Christine Lagarde, head of the ECB, was always particularly relaxed about inflation. For nine months, Lagarde declared price increases to be “temporary,” brusquely brushed aside all criticism of her course of action, muzzled critics within the ECB, and blamed the rising prices on everything she could think of: coronavirus, problems with the supply chains, and the war in Ukraine — in other words, everything other than the flood of money that she had helped initiate.

President of ECB Christine Lagarde
Christine Lagarde, European Central Bank president, arrives for a press conference in Amsterdam, Netherlands, Thursday, June 9, 2022. (AP Photo/Peter Dejong)

When Lagarde finally announced anti-inflation measures in June, it was clear that they were not powerful enough. Now, bond purchases are to be scaled back on July 1, and then at the end of July, the key interest rate will rise to 0.25 percent and later rise in quarter-percent increments. That will not be enough to catch Europe’s long-running, out-of-control inflation, and that reality has to do with the various factors that exist now, which do not trigger inflation on their own but exacerbate existing inflation. There is a war in Europe, and China, with its already ailing economy, is teetering from lockdown to lockdown. At the same time, the U.S. is trying to control its own inflation monster with drastic interest rate hikes, which will plunge the country into a severe recession.

Inflation will not go away

So, what is next? Certainly not what the ifo Institute, which is currently forecasting an inflation rate of 3.3 percent and growth of 3.7 percent for 2023, believes will happen. Such a scenario would certainly point to the situation being under control, but the ECB will not achieve this because it neither can nor really wants to.

The ECB’s contractual goal is price stability, but since the global financial crisis, the central bankers in Frankfurt have seen their main task as preventing the EU from breaking up. In that, it will only succeed if the interest rates on the government debt of all countries that owe more than 100 percent of their annual economic output, i.e., Greece, Italy, Portugal, Spain, Cyprus, France, and Belgium, do not get out of hand.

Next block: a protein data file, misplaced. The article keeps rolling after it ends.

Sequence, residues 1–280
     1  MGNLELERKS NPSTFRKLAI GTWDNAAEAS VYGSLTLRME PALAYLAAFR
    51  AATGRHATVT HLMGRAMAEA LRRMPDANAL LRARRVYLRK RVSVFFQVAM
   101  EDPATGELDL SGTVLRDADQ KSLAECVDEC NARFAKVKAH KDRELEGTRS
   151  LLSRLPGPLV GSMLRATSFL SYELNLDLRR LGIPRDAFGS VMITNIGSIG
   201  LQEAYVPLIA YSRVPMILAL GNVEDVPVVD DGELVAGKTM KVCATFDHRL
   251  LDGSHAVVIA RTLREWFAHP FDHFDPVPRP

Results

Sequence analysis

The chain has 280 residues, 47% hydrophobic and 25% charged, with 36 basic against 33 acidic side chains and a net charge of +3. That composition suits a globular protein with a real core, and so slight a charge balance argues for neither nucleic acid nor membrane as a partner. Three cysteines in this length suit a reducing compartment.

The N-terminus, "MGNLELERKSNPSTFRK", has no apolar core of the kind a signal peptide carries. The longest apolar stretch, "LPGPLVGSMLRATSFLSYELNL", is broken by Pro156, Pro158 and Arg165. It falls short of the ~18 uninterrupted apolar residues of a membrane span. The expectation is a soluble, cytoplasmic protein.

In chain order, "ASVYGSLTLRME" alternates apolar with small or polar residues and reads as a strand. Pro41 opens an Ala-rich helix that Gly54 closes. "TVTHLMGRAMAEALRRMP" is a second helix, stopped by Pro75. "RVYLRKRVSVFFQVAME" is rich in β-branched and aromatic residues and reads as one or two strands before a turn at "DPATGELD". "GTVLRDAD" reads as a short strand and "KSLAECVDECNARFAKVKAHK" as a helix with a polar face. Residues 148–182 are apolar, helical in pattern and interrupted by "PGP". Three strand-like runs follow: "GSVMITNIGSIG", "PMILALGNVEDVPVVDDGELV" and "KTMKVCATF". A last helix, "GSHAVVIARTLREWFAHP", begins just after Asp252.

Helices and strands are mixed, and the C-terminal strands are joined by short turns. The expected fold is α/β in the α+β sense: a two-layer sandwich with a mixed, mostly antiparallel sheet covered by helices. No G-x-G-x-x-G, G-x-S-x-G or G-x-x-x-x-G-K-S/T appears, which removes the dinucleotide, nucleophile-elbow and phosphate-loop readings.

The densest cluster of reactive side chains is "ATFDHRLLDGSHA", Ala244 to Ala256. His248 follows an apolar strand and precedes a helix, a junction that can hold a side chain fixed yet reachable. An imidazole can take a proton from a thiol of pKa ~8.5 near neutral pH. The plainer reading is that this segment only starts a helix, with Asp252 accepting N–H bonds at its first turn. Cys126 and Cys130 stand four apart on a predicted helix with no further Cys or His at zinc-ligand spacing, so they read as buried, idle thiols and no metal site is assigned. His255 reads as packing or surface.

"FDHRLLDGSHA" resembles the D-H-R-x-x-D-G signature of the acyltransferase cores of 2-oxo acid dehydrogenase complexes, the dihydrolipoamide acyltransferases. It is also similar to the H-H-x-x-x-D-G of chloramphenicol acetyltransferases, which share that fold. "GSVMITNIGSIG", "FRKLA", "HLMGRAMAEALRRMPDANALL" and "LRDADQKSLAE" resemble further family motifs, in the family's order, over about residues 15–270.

Impending national bankruptcy

If the ECB gradually increased the key interest rate to several percent and stopped buying government bonds from heavily indebted euro countries, the debts of these countries would soon no longer be affordable, and the threat of national bankruptcies would arise. Since the ECB cannot counter inflation effectively, inflation in Germany and the EU will become entrenched. At the same time, the entire EU will go through a severe recession, bringing back the dreaded stagflation of the 1970s.

Because the American Federal Reserve, in contrast to the ECB, is now raising interest rates quickly and significantly, the dollar will gain massively in strength against the euro. That will also fuel local inflation since oil is paid for in U.S. dollars worldwide. The rise in interest rates will also end cheap credit, which will cause problems for highly leveraged companies.

That, in turn, will have a massive impact on stock markets and especially cryptocurrencies, which are already facing a year-long downturn. As a result of the ECB’s misguided monetary policy, Germany is facing the most striking loss of prosperity in 50 years, a loss that will hit pensioners, the poor, and poorly-qualified people particularly hard.